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Rahul Choudaha

add to the existing brand name by offering their faculty and students access to an increasingly important market called India. These universities are unlikely to establish full-fledged offshore campuses here at least for the next five years. However, they will be keen to establish partnerships in form of student and faculty exchanges, and collaborative research projects. Both Yale and Oxford have clarified that they are interested in expanding their partnerships with India. Harvard Business School established the India Research Center in 2006. While, Columbia is mulling the establishment of a new centre in Mumbai. Prestige-seeking (next-tier of 100 universities): These pursue internationalisation to build the brand name and seek revenue enhancement. In addition to the collaboration path, these universities also seek to develop extensive partnerships, including joint degree and twinning programmes. They are interested in establishing offshore campuses. National Management School recently partnered with Georgia State University to offer a joint MBA programme, while Lancaster University partnered with GD Goenka to establish GD

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VIEWPOINT

Revenue and profit maximising: Universities in this segment are primarily looking for additional sources of revenue and profit by expanding their market and scaling enrollments. This category will include lesser-known public universities engaged in joint-degrees and twinning programmes. What sets them apart from prestigeseeking universities is that they do not have the resources to start their offshore campuses. There are also the private for-profit universities that are interested, and financially capable, of establishing a full-fledged presence in India. But they are not welcomed. Especially since HRD minister Kapil Sibal has clarified that education will remain a notfor-profit sector in this country. So for now, most of these universities have kept themselves content through partnerships, and by offering unconventional courses. (Raffles Education of Singapore partnered with Educomp to start Raffles Millennium International specialising in design.) It is important to note that this is the segment which is susceptible to fly-by-night operations,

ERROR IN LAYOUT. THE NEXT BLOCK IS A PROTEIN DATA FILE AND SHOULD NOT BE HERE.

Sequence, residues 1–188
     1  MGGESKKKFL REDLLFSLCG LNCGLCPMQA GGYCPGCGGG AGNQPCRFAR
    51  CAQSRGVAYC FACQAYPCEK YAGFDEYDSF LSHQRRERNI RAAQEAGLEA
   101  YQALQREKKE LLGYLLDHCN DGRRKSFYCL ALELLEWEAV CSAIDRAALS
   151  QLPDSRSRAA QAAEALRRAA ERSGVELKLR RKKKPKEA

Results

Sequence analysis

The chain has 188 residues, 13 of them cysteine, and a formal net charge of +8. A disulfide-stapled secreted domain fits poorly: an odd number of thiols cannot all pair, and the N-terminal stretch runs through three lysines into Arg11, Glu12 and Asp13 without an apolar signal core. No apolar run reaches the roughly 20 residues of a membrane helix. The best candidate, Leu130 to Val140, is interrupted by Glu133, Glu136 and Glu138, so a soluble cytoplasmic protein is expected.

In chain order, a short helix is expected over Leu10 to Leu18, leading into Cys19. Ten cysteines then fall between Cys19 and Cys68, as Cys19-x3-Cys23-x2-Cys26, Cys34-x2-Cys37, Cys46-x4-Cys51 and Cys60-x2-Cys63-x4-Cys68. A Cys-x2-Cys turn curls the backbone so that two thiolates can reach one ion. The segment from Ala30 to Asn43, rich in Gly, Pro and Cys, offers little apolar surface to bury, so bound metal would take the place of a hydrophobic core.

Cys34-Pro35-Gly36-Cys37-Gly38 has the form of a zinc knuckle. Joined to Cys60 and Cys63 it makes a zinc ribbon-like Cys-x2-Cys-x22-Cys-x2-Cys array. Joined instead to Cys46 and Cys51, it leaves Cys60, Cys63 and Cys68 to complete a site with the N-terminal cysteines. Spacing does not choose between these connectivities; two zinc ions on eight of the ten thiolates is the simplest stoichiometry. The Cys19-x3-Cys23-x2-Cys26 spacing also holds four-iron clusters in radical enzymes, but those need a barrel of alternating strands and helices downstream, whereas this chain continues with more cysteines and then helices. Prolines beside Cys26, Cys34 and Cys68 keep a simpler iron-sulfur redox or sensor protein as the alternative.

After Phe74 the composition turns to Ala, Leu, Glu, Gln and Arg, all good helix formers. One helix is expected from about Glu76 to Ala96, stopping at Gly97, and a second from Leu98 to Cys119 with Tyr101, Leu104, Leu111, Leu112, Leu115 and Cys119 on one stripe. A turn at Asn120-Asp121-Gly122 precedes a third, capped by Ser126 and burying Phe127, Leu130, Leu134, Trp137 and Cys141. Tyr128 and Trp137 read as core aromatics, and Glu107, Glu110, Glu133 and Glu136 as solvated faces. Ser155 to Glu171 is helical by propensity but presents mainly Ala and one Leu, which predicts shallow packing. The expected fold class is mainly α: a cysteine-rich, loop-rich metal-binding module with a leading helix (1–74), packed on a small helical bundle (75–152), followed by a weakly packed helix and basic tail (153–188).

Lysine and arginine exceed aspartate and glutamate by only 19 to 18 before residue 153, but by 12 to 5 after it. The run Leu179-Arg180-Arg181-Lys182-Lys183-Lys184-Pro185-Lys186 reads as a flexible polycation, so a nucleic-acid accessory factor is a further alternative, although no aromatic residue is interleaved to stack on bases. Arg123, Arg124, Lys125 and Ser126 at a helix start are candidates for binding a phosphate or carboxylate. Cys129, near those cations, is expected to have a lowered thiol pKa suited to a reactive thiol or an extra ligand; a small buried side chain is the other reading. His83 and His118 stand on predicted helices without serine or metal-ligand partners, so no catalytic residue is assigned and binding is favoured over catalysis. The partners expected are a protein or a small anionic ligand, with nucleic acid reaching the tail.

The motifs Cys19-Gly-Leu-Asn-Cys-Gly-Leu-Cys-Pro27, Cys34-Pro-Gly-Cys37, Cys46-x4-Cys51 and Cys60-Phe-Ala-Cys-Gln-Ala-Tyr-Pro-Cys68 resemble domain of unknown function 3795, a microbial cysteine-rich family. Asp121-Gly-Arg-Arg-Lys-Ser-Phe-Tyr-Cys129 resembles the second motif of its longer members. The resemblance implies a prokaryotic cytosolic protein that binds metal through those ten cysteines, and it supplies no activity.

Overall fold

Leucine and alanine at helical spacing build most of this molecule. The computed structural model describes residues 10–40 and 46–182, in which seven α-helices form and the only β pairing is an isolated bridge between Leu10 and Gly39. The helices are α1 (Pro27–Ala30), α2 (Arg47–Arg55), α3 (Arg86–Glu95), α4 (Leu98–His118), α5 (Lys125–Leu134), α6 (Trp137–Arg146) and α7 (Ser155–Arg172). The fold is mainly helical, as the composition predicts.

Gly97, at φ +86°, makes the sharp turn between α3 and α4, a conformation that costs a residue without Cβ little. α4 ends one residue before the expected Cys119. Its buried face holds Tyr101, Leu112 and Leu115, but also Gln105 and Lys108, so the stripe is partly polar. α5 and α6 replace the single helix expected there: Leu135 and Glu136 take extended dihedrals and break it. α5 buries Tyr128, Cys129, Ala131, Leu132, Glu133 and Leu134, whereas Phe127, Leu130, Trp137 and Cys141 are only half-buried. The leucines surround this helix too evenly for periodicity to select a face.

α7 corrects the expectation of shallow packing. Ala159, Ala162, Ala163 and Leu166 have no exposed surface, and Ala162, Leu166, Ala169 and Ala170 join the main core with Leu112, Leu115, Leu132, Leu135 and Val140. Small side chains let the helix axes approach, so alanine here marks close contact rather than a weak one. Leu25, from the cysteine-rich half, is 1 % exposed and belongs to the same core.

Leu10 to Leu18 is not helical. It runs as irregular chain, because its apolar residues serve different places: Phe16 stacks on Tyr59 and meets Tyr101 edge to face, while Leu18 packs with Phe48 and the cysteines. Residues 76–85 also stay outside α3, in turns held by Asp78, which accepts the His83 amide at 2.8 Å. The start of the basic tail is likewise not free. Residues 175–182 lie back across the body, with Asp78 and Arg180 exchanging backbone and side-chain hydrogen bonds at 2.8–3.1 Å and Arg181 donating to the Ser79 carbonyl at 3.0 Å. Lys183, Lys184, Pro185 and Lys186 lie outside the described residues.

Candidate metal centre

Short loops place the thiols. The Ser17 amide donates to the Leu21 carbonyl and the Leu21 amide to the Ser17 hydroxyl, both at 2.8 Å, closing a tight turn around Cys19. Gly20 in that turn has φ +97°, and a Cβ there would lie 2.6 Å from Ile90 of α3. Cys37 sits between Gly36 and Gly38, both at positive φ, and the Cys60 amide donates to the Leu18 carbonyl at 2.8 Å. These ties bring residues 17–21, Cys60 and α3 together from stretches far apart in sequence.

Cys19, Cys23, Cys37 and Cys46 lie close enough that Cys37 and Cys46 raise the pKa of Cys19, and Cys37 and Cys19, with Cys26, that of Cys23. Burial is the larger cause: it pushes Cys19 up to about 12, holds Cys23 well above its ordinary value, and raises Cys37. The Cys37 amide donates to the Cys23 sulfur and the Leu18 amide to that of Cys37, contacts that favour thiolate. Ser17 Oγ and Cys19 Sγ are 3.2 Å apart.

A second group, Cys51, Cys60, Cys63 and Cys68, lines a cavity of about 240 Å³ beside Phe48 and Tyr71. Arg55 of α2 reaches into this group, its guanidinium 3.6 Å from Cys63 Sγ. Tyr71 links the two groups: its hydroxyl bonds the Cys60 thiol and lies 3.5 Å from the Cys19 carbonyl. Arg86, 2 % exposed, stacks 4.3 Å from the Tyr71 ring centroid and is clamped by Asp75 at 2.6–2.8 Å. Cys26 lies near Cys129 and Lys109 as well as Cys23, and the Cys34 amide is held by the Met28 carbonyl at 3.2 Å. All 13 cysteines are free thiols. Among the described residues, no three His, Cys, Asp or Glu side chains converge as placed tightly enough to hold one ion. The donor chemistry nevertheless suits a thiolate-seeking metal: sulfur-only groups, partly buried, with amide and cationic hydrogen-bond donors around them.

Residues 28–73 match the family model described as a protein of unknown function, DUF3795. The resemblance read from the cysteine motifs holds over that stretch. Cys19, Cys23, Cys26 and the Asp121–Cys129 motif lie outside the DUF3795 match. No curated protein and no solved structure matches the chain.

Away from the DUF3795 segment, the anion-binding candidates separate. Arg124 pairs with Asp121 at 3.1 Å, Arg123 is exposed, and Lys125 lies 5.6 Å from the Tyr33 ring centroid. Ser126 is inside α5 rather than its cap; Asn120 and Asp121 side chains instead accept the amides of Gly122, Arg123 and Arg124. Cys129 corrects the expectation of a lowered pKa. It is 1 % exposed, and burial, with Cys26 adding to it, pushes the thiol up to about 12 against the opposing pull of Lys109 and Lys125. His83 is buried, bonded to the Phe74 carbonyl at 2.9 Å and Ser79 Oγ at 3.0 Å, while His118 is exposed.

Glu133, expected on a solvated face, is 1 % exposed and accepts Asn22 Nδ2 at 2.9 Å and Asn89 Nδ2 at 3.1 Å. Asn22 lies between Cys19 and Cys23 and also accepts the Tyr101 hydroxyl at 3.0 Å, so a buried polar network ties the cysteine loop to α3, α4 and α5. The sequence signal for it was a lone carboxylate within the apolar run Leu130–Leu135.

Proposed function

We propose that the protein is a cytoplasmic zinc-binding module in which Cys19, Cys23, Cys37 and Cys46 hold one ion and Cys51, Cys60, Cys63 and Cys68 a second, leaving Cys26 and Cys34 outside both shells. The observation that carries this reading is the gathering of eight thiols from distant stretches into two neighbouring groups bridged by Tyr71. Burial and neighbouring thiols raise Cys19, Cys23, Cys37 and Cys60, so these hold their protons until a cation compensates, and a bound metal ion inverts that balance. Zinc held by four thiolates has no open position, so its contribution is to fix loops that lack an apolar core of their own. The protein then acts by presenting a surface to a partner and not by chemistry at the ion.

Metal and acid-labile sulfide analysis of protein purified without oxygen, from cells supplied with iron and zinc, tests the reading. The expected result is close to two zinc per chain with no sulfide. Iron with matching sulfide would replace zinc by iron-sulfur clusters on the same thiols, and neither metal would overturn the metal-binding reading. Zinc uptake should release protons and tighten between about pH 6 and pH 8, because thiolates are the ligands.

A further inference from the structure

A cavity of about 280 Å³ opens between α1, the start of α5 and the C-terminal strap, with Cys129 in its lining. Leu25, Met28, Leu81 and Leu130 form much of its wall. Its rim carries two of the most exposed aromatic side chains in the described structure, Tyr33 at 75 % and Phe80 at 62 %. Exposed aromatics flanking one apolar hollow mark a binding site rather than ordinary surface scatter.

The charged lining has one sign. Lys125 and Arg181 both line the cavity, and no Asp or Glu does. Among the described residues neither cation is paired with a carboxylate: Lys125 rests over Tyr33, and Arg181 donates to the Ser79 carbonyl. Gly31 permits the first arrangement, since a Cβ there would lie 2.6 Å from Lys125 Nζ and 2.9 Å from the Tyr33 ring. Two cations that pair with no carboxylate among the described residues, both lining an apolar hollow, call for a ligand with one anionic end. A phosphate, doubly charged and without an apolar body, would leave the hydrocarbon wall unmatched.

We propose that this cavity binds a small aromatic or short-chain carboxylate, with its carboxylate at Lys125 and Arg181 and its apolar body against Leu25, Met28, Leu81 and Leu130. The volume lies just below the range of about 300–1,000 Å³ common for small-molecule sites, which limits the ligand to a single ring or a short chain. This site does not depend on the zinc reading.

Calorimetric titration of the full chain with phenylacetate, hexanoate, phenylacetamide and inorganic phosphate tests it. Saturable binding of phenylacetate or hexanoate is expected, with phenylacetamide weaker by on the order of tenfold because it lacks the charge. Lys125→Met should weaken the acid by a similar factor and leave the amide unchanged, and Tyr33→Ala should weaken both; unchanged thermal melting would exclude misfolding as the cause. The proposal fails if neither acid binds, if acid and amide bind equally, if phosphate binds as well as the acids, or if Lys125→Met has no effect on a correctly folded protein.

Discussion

stablishment of such campuses in the Gulf gained traction because of substantial financial incentives provided by the host country

Goenka World Institute. Indian universities and potential partners need to understand that even though this segment does not include Harvard or Oxford, it still comprises high-quality schools. For example, Lancaster, with a revenue of nearly $250 million, is ranked among the Top-20 in the UK. Bob McKinlay, Deputy Vice Chancellor, Lancaster University, said, “Finding a partner in such markets [India] is not so easy. Lancaster made three trips to India and spoke to more than 50 institutions before it alighted on Goenka—and that, too, happened because Goenka approached Lancaster.” This segment presents excellent opportunities for the Indian corporate houses, or even highachieving alumni, to bring international education providers to India by contributing towards investment requirements. Overseas universities can bring in academic and research expertise, while their Indian partner could contribute financial investments.

financial engineering and unethical practices— and hence requires close monitoring. The real test is to differentiate wheat from chaff. Thus, government should focus on creating a robust regulatory mechanism which ensures that malpractices do not take place, irrespective of the orientation of the institution. At the same time, the system should not stifle innovation, diversity and growth. This, is obviously not an easy task. As we see, there is a wide spectrum of institutions that serve different needs of student segments. India needs both the high-quality teaching and research provided by the research institutions and the massification which could be catalysed by next tier of institutions. Likewise, Indian universities and their potential partners should recognise the diversity and needs of foreign universities to establish effective and sustainable partnerships here.

Rahul Choudaha A higher education specialist based out of New York, Dr Choudaha specialises in strategic management of higher education, institution building, academic leadership, collaborations and market development. He has a PhD in higher education from the University of Denver, MBA from NITIE, Mumbai, and BE from Jabalpur University

April 2010 EDU TECH

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A Prime Problem  

Edu Tech, April 2010 Issue (Volume 01, Issue 06)

A Prime Problem  

Edu Tech, April 2010 Issue (Volume 01, Issue 06)

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